Outside of San José del Guaviare, Colombia — We are three hours' hike from the nearest road where a hired car dropped the three of us — a Peruvian native guide, a longtime friend and me. We are walking through the jungle still soaked from a hard rain despite high rubber boots and industrial strength rubber ponchos.
The forest opens, and gray light breaks upon a chacra, a plot of planted land that signals someone is living nearby. I see a plant with its giant pineapple; mint, basil, yucca, coca plants; a yellow bloom called flower of the dead (for skin infections), a spray of palm-like leaves low to the ground called limonata (for colds and flu) and many I don't recognize.
Whoever this family is, they have much of what they need to supplement the animals they hunt and the rice they buy. Many families in the region earn money through the sale of handicrafts they make — bead necklaces or bark paper with designs in soft rose, tinted with juice from a jungle fruit.
Within a few dozen paces we come upon a thatched house with a magnificent conical roof, three stories high at its peak, made of palm leaves. Inside, the chief of this maloca, as the traditional house is called, rises from the packed dirt floor lined with the palm leaves he is weaving in long, green strips for roof repair.
"Welcome. Go change those wet clothes," says Huitoto tribe elder, Warrior of the Jungle, baptized William and now 74 years old. He is slim, dressed in cotton pants and shirt that look like work clothes, wearing sandals, with a smiling face but authoritative air.
Two hearths burn on the floor in the outer circle on opposite sides of the house, which is 60 paces across in every direction. Over one fire, William's wife, Isabel, of the Mura tribe, is smoking fish; at the other, their daughter Bianca is stirring a pot of chocolate for her 7-year old son, Axel. Light slants through from thin spaces in the walls of sticks and wooden boards. There is no electricity.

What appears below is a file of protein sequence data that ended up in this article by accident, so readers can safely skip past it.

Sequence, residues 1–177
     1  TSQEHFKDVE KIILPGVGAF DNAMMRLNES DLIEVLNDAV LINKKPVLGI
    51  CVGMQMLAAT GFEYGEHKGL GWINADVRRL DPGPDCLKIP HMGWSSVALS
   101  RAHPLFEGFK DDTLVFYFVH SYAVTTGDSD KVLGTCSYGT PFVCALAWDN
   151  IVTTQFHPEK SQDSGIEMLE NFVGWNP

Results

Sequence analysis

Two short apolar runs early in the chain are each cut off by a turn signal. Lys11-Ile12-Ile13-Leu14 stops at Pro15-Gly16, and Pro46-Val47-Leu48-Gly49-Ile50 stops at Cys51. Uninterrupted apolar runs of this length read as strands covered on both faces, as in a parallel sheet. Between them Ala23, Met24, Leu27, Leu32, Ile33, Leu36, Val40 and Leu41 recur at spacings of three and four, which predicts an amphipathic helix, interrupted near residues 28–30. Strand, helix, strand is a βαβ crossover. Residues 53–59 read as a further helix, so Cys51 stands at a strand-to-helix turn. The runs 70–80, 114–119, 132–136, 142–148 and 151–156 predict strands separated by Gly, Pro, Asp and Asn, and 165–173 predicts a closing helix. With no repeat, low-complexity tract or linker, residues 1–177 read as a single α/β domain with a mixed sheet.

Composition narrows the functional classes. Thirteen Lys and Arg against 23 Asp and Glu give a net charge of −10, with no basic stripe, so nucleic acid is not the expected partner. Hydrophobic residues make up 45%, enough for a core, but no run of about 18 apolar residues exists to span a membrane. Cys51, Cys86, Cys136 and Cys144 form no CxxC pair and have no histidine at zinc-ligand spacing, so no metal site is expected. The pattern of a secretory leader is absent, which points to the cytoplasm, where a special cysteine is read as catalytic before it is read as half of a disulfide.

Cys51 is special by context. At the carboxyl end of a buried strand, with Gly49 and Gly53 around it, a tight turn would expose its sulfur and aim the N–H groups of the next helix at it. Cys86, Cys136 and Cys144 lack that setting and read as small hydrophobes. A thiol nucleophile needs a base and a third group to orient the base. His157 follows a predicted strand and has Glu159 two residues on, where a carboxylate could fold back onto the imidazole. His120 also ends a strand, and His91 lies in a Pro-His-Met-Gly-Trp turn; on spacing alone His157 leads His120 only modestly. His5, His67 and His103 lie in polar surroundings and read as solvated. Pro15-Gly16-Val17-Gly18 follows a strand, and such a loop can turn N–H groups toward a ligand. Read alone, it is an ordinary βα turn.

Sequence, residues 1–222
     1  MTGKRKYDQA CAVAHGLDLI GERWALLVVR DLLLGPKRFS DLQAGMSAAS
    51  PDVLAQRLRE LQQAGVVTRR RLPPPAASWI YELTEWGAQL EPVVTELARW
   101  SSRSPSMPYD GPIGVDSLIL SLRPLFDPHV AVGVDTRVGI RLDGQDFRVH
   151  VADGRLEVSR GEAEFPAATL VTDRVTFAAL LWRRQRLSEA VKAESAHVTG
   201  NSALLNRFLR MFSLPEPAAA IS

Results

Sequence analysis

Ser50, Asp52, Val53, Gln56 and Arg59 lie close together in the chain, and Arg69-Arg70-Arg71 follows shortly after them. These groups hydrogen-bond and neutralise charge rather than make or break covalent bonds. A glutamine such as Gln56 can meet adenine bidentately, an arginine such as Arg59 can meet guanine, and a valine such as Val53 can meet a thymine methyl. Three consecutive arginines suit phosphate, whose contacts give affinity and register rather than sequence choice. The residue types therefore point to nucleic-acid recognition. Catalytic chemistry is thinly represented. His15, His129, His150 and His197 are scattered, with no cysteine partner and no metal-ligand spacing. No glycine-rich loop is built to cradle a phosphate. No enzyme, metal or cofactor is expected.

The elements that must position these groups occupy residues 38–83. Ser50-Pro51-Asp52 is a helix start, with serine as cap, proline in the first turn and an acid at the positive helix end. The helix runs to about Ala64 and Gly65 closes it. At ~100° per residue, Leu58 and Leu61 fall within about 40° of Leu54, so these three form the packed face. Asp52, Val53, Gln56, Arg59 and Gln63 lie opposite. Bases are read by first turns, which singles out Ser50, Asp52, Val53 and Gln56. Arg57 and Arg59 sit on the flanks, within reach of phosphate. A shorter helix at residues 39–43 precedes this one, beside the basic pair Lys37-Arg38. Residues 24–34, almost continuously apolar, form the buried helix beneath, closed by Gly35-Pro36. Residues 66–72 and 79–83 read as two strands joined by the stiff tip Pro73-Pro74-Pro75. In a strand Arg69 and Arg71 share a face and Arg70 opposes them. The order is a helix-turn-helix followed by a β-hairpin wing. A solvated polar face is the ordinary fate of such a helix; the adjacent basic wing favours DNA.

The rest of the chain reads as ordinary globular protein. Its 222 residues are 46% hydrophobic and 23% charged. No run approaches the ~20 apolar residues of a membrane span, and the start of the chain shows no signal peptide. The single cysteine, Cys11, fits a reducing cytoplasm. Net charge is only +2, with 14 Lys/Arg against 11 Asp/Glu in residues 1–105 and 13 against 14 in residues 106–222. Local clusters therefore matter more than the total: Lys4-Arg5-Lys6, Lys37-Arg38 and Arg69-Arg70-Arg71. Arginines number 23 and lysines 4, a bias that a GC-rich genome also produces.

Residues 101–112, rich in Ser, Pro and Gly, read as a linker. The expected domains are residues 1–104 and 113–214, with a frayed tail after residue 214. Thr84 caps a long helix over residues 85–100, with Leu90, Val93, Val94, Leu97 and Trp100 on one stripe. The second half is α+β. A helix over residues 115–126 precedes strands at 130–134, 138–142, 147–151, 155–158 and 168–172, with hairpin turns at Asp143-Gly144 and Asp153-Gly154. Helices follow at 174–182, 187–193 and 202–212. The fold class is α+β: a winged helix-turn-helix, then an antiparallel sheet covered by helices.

Over the next two days I will see that this is a contemporary Catholic indigenous Amazonian family that nevertheless keeps to traditional customs — just the kind of family, along with economically poor non-natives — that the Amazonian synod in Rome wants to reach and serve. Among the traditions maintained by the family: the four sturdy columns that square the center of the house and honor the jungle, the animals, the water and the universe.
"We are indigenous people, but we are of a new generation," William tells me. "The world has changed a lot. The new indigenous have technology. Children are born with a more forward-looking mentality. Why? Because the world is turning very fast."
The faster it turns, it seems, the more indigenous like William insist on maintaining important elements in the way of life of their forebears. A wooden trough and a heavy angular beater stand ready to smash yucca. Strainers and graters braided of fiber made from forest plants, used to prepare food, hang from a rafter. A conical tube of gleaming wood and a pole stuck in the top is there to pound roasted coca leaves into powder. William has a permit to grow the plants I saw in the chacra for traditional use.